LONDON - The head of Dubai's Emirates called on Thursday for changes at Boeing in the wake of criticism from U.S. regulators, but stopped short of calling for a shake-up in its management as the planemaker wrestles with its latest safety crisis.

Speaking in London, airline President Tim Clark also raised the prospect that first delivery of Boeing's 777X, the world's largest twin-engined jet whose development has already been delayed by five years, could slip into 2026 from late 2025.

"The (U.S. Federal Aviation Administration) said there was a disconnect between the management and the safety system. All this is something that some of us have been saying for a long time," Clark said during an event at the UK Aviation Club.

The FAA said on Wednesday Boeing must deliver "profound improvements" and develop a plan to address "systemic quality-control issues" within 90 days after last month's blowout of a panel on a 737 MAX 9 jet, apparently caused by missing bolts.

"They really need to do this. Whether this means a change in the governance model, I don't know. When you change the governance model, it invariably involves changing the people around the old governance model," Clark told journalists.

A Boeing spokesperson referred back to its response to the FAA on Wednesday, when it said its leadership team was totally committed to demonstrating the "profound change that Administrator (Mike) Whitaker and the FAA demand".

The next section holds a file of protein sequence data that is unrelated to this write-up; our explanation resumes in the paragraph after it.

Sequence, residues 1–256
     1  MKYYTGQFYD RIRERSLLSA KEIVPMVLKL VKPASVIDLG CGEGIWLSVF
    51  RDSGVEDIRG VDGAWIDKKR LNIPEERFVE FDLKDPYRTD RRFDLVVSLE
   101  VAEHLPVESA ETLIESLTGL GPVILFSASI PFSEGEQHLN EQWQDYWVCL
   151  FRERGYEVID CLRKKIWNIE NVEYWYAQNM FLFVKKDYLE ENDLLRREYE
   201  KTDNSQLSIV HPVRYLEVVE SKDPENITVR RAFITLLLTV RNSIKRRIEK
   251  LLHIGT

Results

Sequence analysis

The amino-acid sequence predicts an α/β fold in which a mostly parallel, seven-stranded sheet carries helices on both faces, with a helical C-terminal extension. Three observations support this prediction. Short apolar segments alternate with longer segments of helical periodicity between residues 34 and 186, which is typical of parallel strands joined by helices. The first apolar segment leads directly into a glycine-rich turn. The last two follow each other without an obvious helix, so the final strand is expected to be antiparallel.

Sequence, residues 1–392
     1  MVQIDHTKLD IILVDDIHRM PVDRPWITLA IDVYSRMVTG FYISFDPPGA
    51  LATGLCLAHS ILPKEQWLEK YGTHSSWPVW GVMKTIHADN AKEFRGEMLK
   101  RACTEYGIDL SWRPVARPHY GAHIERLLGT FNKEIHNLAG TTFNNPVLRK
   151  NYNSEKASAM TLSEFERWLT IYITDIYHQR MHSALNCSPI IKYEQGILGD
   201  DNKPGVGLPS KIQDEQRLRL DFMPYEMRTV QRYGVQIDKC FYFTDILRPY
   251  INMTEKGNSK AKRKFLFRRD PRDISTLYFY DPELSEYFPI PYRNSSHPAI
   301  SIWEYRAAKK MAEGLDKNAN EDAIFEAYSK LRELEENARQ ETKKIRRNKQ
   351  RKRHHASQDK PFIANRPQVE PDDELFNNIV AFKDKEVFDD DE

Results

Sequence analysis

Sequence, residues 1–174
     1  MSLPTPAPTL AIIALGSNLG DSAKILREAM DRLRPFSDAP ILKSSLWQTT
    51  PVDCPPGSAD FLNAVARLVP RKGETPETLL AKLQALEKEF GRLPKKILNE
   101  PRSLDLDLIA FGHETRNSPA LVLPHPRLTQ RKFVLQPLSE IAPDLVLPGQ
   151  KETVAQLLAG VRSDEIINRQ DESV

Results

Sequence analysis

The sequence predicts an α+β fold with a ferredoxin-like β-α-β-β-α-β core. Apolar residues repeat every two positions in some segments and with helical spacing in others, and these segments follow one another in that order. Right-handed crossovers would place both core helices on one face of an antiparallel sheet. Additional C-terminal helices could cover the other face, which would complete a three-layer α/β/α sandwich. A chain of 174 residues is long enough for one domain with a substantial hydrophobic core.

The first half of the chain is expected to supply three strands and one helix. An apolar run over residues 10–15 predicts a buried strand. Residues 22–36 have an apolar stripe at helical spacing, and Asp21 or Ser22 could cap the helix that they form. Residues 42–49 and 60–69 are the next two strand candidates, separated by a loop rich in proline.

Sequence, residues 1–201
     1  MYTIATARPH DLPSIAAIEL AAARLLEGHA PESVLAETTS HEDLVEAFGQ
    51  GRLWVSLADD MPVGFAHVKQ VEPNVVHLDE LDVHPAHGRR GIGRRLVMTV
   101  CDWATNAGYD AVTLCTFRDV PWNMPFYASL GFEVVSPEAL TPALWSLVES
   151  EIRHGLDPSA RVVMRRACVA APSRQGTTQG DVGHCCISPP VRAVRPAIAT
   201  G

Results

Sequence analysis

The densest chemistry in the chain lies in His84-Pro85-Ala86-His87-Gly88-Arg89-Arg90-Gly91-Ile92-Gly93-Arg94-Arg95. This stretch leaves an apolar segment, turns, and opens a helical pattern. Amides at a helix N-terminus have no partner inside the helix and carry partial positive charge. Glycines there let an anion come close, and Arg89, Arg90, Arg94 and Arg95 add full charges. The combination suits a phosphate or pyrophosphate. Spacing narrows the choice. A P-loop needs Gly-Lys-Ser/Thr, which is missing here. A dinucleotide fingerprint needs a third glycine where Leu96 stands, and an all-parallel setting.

Clark said the pressures on Boeing management were "really, really, really acute".

"The pity about it is that the Boeing workforce and the technology and engineering skills of that company are second to none...The whole situation is salvageable. Just get the right people do the right things," he added.

Emirates is the world's largest operator of long-distance aircraft and industry veteran Clark carries significant clout with planemakers and other suppliers.


The latest crisis has increased scrutiny of Boeing's production plants, just as a previous crisis over fatal crashes that led to a 20-month grounding of the MAX in 2019 slowed certification of future planes, including the 777X.

"The 777X (delivery) is probably at the back end of next year and maybe 2026, if we're unlucky," Clark told the UK Aviation Club.

Emirates is the largest buyer of the roughly 400-seat plane which was originally due in 2020. Boeing has most recently said it expects first delivery in 2025 and last November, Clark said the first handover was scheduled for October 2025.

In a separate dispute over the competing Airbus A350-1000, Clark reiterated that Emirates will not buy the long-haul jet until its Rolls-Royce Trent XWB-97 engines are proven.

At the Dubai Airshow in November, Clark held off placing an order for the jets, blaming significant extra maintenance downtime needed for their engines in the harsh local conditions.

In a Reuters interview, he later told the British engineering giant to "go back to basics".

Rolls-Royce has said the engine is performing well in moderate climates and that it aims to double the "time on wing" between repairs in harsh environments within the next 2-3 years. A spokesperson for the engine maker declined further comment.

(Additional reporting by Allison Lampert, Sachin Ravikumar and Muvija M; Writing by Joanna Plucinska, Tim Hepher; Editing by Bill Berkrot and Marguerita Choy)